Extra material to extend and support the book.
more coming ...
why study human–computer interaction?
- This video looks at a variety of examples to explore the different reasons why human-computer interaction is an important and exciting area to study.
making the most of stakeholder interviews
- Working with stakehoders takes a lot of organising and consumes both your tmem and theirs. Make the most of the precious time you have with them.
act it out
- Reading a scenario can be helpful, as can talking through a user's activities in an interview. However, sometimes physically acting things out adds an extra dimension.
early lessons: it's not all about technology
- Lessons from an 1960s Systems Analysis book - why it's important to watch the users, and problems aren't always solved with a computer.
how many computers?
- see exercise page 60.
How many computers do you have in your home?
How many computers do you normally carry with you in your pockets or bags?
desire and disaster
- There are always more things you would like to do when creating or updating a system: problems to fix, new features to add, ways to make what you have easier to use, more slick, more appealing. How do you choose which to do first?
are five users enough?
- Along with Fitts’ Law and Miller’s 7+/-2 this “five is enough” must be among the most widely cited, and most widely misunderstood and misused aphorisms of HCI and usability.
or not a Spitfire?
- see page 49. Design Focus: Human error and false memories
Well it did seem such a good story we told in the second edition,
the Spitfire with a confusing ejector seat button ... but unfortunately
not quite accurate!
strange story of Draken Sierra 44
- This is the full story of the ill fated Draken and its drop tanks.
Courtesy Kai-Mikael Jää-Aro.
others see - colour blindness
- basic facts about colour blindness ... and how the e3 site
looks to the colour blind
- see box page 115. Computer speeds and capacities are increasing
exponentially - what does this mean for the user and where is
it leading us?
probes - methods to study new environments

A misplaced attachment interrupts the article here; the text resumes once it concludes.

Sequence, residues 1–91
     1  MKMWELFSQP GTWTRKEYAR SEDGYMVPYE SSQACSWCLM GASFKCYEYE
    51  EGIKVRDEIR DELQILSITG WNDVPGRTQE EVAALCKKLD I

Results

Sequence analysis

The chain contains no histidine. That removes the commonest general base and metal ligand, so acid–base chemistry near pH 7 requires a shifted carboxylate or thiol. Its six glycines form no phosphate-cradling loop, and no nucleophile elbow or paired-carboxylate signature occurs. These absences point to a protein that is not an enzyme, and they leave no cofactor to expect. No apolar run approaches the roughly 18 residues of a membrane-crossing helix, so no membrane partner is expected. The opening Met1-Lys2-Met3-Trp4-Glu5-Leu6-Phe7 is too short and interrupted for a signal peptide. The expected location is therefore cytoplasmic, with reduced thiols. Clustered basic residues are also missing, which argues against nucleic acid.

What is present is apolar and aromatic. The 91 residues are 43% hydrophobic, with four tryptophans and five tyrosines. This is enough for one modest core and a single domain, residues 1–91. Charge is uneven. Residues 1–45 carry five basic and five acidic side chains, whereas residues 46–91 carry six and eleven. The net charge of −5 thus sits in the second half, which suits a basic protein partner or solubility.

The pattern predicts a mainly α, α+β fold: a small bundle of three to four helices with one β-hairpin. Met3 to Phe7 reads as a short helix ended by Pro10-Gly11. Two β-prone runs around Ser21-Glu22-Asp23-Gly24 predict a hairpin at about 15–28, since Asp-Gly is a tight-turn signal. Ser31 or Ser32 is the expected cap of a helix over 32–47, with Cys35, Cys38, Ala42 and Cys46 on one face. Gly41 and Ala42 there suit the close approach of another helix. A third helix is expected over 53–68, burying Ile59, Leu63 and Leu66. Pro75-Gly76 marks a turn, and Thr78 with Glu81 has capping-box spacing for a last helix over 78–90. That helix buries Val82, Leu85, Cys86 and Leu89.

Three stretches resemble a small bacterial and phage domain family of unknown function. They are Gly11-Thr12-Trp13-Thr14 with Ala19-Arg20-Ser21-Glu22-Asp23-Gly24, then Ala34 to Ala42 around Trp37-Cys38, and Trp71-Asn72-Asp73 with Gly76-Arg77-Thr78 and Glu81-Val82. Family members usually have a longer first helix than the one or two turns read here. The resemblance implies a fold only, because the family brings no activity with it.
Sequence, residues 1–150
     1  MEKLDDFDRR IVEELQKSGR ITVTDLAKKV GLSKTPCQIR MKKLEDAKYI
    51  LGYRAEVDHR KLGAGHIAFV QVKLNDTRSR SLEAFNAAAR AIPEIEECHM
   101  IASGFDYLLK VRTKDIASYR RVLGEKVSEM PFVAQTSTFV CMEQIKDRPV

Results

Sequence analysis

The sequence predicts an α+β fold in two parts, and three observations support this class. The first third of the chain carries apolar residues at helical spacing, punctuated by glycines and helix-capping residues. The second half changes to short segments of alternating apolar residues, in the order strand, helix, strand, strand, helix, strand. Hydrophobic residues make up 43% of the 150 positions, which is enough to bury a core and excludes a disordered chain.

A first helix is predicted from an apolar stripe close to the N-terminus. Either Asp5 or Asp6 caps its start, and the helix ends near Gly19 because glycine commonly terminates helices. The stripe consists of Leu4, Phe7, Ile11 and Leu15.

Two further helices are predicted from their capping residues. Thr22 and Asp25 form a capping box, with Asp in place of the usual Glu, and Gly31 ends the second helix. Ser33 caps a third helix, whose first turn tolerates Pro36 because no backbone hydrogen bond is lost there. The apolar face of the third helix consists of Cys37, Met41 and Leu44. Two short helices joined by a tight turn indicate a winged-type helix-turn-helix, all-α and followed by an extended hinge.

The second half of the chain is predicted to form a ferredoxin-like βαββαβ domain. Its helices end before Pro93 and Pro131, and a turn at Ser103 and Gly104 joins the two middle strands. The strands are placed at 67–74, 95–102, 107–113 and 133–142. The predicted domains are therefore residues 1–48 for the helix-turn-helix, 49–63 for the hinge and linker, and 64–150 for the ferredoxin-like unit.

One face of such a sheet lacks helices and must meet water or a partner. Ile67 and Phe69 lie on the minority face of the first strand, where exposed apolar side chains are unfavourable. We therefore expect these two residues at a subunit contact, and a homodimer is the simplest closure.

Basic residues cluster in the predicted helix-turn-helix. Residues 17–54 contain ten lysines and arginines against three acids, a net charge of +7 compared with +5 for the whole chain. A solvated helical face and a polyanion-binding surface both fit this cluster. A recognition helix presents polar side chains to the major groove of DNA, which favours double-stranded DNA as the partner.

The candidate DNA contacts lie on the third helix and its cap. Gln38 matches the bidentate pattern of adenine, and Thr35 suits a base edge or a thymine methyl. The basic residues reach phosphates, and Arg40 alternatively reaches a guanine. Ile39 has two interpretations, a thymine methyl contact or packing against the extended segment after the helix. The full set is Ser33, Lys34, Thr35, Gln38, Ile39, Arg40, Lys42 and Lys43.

- see page 200. Design Focus: Cultural probes
- Technology probes are a means for users and designers to envisage radically new technology or applications through the use of early high-fidelity prototypes.
Cybernetic Understanding of Fitts' Law
- Fitts' Law is perhaps the most commonly known 'law' of psychology
used in HCI, but why is it true and what are its limitations?
- see page 200. How to choose the best trade-off between menu breadth and dpeth, and why Miller's 7+/-2 is not the way to do it.
Eye contact in recorded video
- A simple tip to help mainain appropriate eye contact and gace direction when creating prerecorded video for education or presentations.
Just try it once – (very) early evaluation
- An unsuable coffee grinder reminds us that some faults just need us to try things out.
Ghost Orders – getting the job done
- When new systems do not match working practices, those on the ground develop workarounds, tweaks and subversions of the systems in order to 'get the job done'.
Values, Conflict and Cows
- Different stakehoders may have different value systems. Do we use technology to help resolve conflicts or to simply allow the dominant party to exert power through the technology?
- Some lessons about designing novel technology ... from a paper printout.
War stories: lessons from UI disaster stories
- Things go wrong in even the most large-budget, popular products. Here are links to some of Alan's blog posts about times when things went wrong, and some of the the ways you can prevent this happening to the systems you design.
Gmail – colours in a mess
- Sometimes even major internet companies make simple, yet serious mistakes. In this short case study we see how easy it is to mess up colours not only making text unreadable, but potentially undermining the confidence of users in your message.
The dynamics of trust
- see Section 3.9.2 designing experience
Trust in a website ebbs and flows - getting this right is crucial to a site's success.
- electronic doorplates
- see page 86. Design Focus: Hermes a situated display
- see page 157, Section 3.9.2 designing experience
The design of virtual crackers and why they work
book search - designing value
- see page 160. Section 3.9.4 Managing value
Hospital da Trofa
- see page 468. Design Focus: tomorrow's hospital - using participatory
Car courtesy lights - designing incidental interaction
- see page 655. Design Focus: Designing a car courtesy light
- coordination in residential care using SMS
- see page 673. Design Focus: SMS in action
- see page 723. Design Focus: ambient wood - augmenting the physical
A rich learning experience in a technologically enhanced wood
Arts and technology meet
- see page 726. Design Focus: Exploring intimate computing in the arts
How interactive technology can be used in the arts and how arts installations and performances can teach us about interaction.
Mack Room - visiting together ... but not together
- see page 732. Design Focus: Shared experience
How mixed reality allows people to share a gallery visit even when they are not all there.
- a real example of closure, modes and design
- used in exercises 5.2, 5.3, 5.4, 5.5, 8.3, 16.5, 17.9
Reactor – variant 2
- used in exercises ...
- used in exercises 15.6, 16.6, 17.8
- used in exercises ...
- used in exercises ...
how e3 home page appears to yellow-green colour blind users
Hermes door display
cultural probe pack
in Ambient Wood